Poster Topical Area: Sports Nutrition
Poster Board Number: 232
We evaluated the effects of different levels of stored iron (ferritin) within normal ranges on immune cell group production and inflammation markers in cross-country athletes.
Forty-one NCAA division 1 cross-country athletes, ages 18 to 25 years old, had blood drawn at the beginning of their season. Blood was analyzed by complete blood count (CBC) and ferritin levels were assessed by enzymatic spectrophotometry. Participants were divided into two groups, high ferritin, and low ferritin, both within normal clinical ranges. Cytokines IL-1β, IL-6, IL10, GM-CSF, IL-5, and IL-4 were measured at baseline by the magnetic multiplex panel for Luminex TM platform. Cytokines and CBC mean difference were compared between low and high ferritin groups. Pearson correlations were used to determine associations between cell groups and cytokines under low or high ferritin conditions. IBM SPSS statistics 22 software was used to analyze the data.
Participants in the high ferritin group had higher levels of Interleukin 1 beta (IL-1β) (p=0.04) and IL-5 (p=0.05) and eosinophils (p=0.02) when compared to the low ferritin counterparts. In contrast, IL-4 (p=0.04) was significantly higher in the low ferritin group. Moderate-strong correlations were found between eosinophils and cytokines; IL-1β (r=0.64) and IL-5 (r=0.59) in the high ferritin group. Conversely, eosinophils from the low ferritin group correlated strongly with IL-4 (r=0.86).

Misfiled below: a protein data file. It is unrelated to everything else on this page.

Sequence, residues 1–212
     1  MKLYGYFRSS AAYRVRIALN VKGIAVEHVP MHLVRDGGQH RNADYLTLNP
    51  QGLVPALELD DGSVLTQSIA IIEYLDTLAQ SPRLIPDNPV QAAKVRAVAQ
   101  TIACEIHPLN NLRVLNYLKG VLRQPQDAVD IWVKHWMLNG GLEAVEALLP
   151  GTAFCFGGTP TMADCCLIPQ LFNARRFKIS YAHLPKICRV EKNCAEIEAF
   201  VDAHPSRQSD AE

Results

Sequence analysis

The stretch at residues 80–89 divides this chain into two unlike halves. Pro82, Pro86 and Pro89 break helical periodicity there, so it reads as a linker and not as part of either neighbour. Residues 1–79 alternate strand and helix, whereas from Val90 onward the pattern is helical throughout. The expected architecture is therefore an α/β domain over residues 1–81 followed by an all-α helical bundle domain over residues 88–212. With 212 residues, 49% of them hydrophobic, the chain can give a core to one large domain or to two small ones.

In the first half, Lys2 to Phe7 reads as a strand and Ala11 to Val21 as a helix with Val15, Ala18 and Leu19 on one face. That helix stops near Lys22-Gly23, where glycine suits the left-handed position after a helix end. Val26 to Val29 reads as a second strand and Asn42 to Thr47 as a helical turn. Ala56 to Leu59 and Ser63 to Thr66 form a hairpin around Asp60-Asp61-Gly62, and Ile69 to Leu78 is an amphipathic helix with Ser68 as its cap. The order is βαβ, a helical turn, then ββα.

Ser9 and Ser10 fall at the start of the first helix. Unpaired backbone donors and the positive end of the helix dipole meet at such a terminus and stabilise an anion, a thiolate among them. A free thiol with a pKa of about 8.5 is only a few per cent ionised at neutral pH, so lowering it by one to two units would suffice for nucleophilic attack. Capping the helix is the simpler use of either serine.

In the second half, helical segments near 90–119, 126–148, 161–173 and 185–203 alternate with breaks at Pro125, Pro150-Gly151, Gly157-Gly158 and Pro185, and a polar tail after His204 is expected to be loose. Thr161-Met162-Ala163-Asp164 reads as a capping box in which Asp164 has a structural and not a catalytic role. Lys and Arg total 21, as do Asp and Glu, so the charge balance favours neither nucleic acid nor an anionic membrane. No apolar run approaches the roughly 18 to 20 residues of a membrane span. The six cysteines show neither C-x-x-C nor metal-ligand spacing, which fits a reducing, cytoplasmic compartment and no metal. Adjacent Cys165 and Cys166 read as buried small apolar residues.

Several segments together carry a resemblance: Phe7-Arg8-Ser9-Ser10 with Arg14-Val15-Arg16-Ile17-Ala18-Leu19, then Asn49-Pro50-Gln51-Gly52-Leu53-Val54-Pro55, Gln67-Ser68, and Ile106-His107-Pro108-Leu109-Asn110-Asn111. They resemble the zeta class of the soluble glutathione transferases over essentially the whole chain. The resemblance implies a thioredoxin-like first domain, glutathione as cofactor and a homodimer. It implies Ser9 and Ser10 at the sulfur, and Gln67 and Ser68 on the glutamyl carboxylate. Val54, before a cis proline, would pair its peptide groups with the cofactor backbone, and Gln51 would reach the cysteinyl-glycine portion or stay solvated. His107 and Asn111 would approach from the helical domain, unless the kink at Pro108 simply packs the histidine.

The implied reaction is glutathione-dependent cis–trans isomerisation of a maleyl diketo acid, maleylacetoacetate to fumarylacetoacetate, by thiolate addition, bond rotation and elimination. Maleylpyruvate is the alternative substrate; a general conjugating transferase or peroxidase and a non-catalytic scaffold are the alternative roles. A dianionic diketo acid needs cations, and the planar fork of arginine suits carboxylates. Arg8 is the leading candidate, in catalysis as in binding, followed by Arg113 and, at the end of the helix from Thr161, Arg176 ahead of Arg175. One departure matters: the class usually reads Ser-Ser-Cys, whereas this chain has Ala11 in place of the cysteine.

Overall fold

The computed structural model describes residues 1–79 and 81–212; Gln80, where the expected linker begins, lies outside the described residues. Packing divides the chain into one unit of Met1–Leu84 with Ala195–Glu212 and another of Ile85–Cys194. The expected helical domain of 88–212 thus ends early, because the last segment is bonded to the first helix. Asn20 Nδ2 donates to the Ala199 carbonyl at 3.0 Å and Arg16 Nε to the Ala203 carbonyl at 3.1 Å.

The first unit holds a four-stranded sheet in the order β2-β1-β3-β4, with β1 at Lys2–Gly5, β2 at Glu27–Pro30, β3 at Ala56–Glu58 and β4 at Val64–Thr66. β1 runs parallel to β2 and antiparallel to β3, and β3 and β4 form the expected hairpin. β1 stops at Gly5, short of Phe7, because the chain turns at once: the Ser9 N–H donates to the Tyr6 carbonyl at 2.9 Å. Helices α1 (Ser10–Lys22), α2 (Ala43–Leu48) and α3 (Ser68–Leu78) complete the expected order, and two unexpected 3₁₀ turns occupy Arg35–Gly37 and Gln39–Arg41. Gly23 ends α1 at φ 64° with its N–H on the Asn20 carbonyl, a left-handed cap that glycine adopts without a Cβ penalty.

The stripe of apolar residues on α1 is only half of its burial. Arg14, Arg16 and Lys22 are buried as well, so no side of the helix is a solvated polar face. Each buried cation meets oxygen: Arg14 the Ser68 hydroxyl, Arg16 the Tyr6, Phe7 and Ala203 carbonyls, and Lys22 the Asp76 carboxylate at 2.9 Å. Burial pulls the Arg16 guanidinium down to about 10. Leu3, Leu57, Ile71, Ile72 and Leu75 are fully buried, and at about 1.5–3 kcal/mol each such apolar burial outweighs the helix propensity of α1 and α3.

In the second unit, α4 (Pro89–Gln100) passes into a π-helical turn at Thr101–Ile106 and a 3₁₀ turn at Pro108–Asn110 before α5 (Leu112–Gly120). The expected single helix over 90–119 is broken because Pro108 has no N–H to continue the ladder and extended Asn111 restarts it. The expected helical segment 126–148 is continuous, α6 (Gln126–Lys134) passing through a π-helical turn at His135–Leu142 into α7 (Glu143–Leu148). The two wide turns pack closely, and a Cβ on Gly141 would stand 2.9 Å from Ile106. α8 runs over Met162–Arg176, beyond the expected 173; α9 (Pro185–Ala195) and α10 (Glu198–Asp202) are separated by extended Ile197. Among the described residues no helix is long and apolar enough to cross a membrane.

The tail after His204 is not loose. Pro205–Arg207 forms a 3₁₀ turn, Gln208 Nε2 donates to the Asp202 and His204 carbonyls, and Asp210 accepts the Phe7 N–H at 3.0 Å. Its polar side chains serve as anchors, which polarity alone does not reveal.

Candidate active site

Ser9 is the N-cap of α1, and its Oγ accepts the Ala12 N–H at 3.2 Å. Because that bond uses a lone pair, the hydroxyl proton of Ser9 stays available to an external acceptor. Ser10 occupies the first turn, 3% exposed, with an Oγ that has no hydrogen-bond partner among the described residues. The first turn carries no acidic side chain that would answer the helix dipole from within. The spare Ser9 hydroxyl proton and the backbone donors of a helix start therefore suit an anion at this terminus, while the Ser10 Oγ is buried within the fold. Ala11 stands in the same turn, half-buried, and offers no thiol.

Eosinophils correlated with different cytokines depending on iron storage status. Previous studies have shown that IL-1β down-regulates ferroportin and iron absorption by increasing hepcidin levels. In contrast, IL-4 has been shown to upregulate transferrin expression and increase iron uptake and mobilization. The increases in eosinophils and IL-5 may be linked to the increases in red blood cell production observed in the high ferritin group. Our results indicate that ferritin levels may influence cytokine release and immune cell profile even under clinically sufficient conditions.
Weber State University